Sustainable Gardening Australia invites you to join us for an informal gathering and discussion evening in Melbourne on Monday June 17.
Some good news from the European Union this week where a two year restriction on the use of neonicotinoid chemicals, the world’s most used insecticide has been introduced to take effect from 1st December 2013. This decision is a result of strong community lobbying based on increasing scientific evidence that links the use of neonicotinoid chemicals to the serious decline in bee populations across North America and Europe.
While the southern parts of Australia have donned winter pyjamas and flannelette sheets, the northern states are still revelling in warm, and mostly sunny autumn days. Regardless of the conditions in your little patch of paradise, there is still loads to do this month. Get set for those produce plants that need the cooler weather to grow.
Lettuce – a reliable summer favourite, salad filler and sandwich staple! But it can be grown year round, with very little tender loving care after making sure that there is adequate feed. With a large variety of types and therefore flavours, lettuce isn’t just reduced to your Cos or iceberg! Available as seedlings, but also germinates readily from seed. Sprinkle in some seed at any time of year and this quick growing vegetable will be ready in weeks.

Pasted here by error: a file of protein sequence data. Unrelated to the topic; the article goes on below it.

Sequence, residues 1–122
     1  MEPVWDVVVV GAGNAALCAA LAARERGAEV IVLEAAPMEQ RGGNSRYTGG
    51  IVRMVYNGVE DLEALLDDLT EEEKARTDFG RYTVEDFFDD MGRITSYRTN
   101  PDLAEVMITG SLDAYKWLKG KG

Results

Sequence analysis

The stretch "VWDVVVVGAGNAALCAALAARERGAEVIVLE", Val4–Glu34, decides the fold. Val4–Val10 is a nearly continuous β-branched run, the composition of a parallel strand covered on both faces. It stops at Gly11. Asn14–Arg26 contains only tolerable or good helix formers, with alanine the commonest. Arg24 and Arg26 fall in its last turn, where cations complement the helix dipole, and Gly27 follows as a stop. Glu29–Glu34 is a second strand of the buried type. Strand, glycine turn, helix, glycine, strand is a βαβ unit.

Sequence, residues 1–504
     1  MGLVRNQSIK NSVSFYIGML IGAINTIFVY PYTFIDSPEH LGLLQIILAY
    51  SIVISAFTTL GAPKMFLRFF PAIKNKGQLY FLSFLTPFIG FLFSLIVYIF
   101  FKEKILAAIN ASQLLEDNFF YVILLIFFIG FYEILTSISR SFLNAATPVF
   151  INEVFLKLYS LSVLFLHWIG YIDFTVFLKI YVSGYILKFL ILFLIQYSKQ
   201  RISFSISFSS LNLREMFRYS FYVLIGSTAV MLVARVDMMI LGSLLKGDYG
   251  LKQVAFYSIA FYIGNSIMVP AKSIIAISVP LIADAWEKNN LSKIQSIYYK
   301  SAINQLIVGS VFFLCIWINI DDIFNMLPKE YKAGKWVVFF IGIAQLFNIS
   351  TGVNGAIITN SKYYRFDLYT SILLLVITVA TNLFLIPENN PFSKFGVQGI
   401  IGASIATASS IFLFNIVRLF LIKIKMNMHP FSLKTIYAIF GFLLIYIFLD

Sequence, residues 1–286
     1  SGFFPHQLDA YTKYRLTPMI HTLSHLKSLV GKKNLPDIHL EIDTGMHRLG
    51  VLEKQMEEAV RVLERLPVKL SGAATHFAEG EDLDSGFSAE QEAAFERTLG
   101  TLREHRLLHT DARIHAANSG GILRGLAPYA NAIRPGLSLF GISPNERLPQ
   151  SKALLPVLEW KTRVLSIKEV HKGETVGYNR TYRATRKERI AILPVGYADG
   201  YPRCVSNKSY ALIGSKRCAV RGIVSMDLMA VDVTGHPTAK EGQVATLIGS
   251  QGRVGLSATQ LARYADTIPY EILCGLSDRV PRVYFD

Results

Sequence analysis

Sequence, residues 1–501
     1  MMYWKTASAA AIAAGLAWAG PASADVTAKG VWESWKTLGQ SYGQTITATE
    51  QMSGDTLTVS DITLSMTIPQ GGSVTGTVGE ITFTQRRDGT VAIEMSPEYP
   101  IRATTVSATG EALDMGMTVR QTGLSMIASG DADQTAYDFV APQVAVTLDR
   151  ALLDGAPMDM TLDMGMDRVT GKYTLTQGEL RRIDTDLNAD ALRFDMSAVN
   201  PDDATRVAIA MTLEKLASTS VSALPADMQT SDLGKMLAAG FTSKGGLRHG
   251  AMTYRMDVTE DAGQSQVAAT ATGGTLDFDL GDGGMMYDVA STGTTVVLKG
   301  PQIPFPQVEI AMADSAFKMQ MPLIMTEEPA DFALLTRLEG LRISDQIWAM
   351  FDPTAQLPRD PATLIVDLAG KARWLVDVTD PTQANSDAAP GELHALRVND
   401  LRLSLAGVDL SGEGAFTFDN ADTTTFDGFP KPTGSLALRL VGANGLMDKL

The perfect month for chocolate lovers and practical jokers alike, April is also a top time to get into the patch! There is a little bit of rain around, the weather is cooling down, and shed loads of stuff is ready to plant! So, don’t be a bunny, get into gardening this April! Hop to it!
March, the month named after Mars, the Roman God of War, is an excellent month to wage war on your patch. Be it ripping out the weeds, mulching up a storm, or popping in a plethora of plants, March is the ultimate time to launch a full scale (but well planned) attack on you patch! So, all you weekend warriors… March into action!
Australia is the driest inhabited continent in the world, yet we use more water per capita than any other country. By reducing the amount of water we use in the garden, we can significantly save water and prevent the need to build more dams’. There are many ways gardeners can use water wisely to maintain a healthy garden.
Beta vulgaris L. Cicla
Time and space-poor gardeners might find vegetables that can be picked or cut continuously over time a better option than ‘once off’ crops. Silverbeet definitely measures up, and, it easy to grow and can be sown almost all year round in most regions. What more could you ask for!
Scaevola – groundcover species
What a popular garden plant this has become, and quite rightly so. The splendid fan flowers that give the genus its common name can be absolutely vivid, ranging in hue from white to blue and purple (rarely yellow).
Despite the few very hot days we experienced in Melbourne the vegetable garden survived. I used shade cloth during the day and by the evening the plants sprung back from their limpness during the hot day.